The Camden Police Department (CPD) invites Camden residents to a series of community meetings in May. Camden Police Chief Joe Floyd said the purpose of the series is to give citizens of different Camden neighborhoods the chance to voice concerns unique to their communities.
Community members gathered April 17 at Boykin Park for the unveiling of a new Monroe Boykin historic marker. The park was named in honor of Boykin, who was born into slavery but became a community leader after the Civil War. He went on to help form Mount Moriah Baptist Church in Camden and served as its first pastor. Family members were present to unveil the marker which is located on the Campbell Street side of the park. On hand were (from left) Leon Morgan Jr., Clarence McMillan Jr., Camden City Councilwoman Alfred Mae Drakeford, Camden Mayor Jeffrey Graham, Billy Shepherd ...
The city of Camden's Municipal Election Commission recently certified a third petition to hold a November referendum on whether to build a sports complex. Commission Chairman Bruce Little reported to Camden City Council during its meeting Tuesday night that of the 1,211 signatures on the petition, 1,037 were found to be valid. That is still more than the 717 required to meet a 15 percent standard of city of Camden registered voters who voted in the last election. Little said the commission certified the petition at its April 13 meeting.
Camden City Council will hold a public hearing during its meeting Tuesday night to receive comments regarding its proposed Fiscal Year 2013 budget. FY 2013 begins July 1. The hearing will be part of council's regular meeting, which begins at 6:30 p.m. There will be no 4:30 p.m. work session.
The city of Camden will host a community shred day from 2 to 6 p.m. May 8 in the parking lot to the left of Camden City Hall at the corner of Lyttleton Street and Roscoe Avenue.
The third annual City Slickers Car Show to benefit the American Cancer Society Relay for Life will be from 8 a.m. to 3 p.m. Saturday at the Kershaw County Recreation Department, 1042 W. DeKalb St. in Camden.
Officials broke ground for Camden City Hall nearly 57 years ago on May 13, 1955. Citizens attended a three-day open house June 1-3, 1956. It cost around $425,000 to build, a very expensive project for the mid-1950s.
Camden City Council passed a non-binding resolution Tuesday night declaring its intent to use the proceeds from the possible future issuance of tax-exempt bonds to pay the city back for work on a proposed sports complex.
It's time once again to for commercial businesses, public buildings and grounds, churches and schools within the city limits of Camden to spruce up for the fourth annual Margot Rochester Landscaping Award, presented by the Camden Parks and Trees Commission.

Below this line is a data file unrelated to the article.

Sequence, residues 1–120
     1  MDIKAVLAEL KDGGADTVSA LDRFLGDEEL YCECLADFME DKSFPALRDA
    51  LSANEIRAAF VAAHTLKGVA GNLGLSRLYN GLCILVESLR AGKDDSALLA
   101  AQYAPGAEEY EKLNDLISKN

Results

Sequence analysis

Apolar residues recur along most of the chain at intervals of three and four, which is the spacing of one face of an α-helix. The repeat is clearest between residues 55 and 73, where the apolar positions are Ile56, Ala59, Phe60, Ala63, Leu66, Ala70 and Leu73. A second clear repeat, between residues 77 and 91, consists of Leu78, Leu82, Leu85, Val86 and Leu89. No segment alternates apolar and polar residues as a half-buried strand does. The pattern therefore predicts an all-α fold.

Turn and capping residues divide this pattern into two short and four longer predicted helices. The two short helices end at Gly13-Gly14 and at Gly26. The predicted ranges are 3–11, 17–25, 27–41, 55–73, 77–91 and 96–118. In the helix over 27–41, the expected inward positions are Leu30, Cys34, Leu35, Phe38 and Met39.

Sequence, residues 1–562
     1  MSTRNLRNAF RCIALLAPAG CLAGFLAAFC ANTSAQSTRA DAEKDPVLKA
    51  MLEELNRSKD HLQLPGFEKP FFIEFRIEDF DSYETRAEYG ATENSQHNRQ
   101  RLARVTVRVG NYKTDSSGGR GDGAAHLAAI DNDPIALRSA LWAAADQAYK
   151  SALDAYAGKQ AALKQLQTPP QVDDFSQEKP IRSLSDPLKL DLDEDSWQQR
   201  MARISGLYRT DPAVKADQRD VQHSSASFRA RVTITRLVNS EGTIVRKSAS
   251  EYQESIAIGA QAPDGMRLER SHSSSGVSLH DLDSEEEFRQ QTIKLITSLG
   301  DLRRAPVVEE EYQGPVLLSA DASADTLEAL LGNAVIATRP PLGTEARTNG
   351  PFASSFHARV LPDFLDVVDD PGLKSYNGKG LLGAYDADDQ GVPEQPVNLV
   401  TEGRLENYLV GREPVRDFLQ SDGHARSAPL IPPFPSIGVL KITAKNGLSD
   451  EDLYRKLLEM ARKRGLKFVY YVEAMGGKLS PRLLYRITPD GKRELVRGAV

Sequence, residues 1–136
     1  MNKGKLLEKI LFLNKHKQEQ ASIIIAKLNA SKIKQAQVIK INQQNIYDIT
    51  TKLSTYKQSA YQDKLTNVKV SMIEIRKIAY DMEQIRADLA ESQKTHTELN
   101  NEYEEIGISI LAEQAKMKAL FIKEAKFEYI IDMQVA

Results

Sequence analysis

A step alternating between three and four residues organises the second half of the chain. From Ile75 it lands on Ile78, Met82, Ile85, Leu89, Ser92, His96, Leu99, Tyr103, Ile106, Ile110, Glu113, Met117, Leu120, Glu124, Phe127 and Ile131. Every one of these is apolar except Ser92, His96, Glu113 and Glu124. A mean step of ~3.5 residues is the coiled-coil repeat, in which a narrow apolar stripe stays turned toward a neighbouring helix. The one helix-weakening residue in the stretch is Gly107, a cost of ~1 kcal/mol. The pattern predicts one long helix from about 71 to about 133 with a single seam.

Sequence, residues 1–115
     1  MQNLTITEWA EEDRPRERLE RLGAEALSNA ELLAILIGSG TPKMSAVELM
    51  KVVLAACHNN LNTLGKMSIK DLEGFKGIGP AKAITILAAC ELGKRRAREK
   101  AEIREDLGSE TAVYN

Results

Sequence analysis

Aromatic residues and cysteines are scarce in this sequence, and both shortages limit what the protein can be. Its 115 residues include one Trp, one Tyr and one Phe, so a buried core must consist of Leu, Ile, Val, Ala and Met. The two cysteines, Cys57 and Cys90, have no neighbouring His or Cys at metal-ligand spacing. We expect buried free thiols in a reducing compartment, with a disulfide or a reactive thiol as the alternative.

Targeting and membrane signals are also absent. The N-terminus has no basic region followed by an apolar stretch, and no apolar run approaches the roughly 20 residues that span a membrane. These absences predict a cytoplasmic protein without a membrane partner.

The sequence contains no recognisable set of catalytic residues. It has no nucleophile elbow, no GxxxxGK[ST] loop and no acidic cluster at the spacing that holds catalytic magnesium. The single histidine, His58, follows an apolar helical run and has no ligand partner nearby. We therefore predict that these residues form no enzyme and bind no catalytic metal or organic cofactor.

As Camden City Council continues to find ways to fund its proposed sports complex, members will consider passing a non-binding resolution Tuesday declaring the city's intent to reimburse itself by issuing tax exempt bonds.
It's time once again to for commercial businesses, public buildings and grounds, churches and schools with the city limits of Camden to start sprucing up for the fourth annual Margot Rochester Landscaping Award, presented by the Camden Parks and Trees Commission.
Frank Trapp isn't against Bridlewood Farms being allowed to increase the number of lots the development might be able to sell from 16 to 42. He just wants something done with the place. Trapp lives on Davie Lane in the Springdale community, just a block or so away from Bridlewood Farms on Springdale Drive.
Camden City Council is expected to vote Tuesday on a request to amend plans for the Bridlewood Farms residential development on Springdale Drive.
The Camden Planning Commission (CPC) spent nearly 90 minutes at its Feb. 28 meeting discussing possible changes to the city of Camden's zoning ordinance, specifically in terms of landscaping and tree preservation -- a term that was ultimately rephrased as tree conservation.
In the March 2 edition of the Chronicle-Independent, Harold V. Pickrel III was identified as the developer of Bridlewood Farms on Springdale Drive. It should be clarified that Pickrel is the managing partner of BWF LLC, which is developing the property. It should further be clarified that a figure of "$1 million each" for the original number of 16 lots was based on 2008 information where the lots would sell for between $200,000 to $300,000 and the end value of each property, including homes, could come to $1 million.
The city of Camden will present "Citizens Planning College" a program that will teach the "ins and outs" of city planning in Camden.
Harold Williams "Bill" Funderburk Jr., a retired attorney and owner of Books on Broad, is Camden's newest municipal judge.
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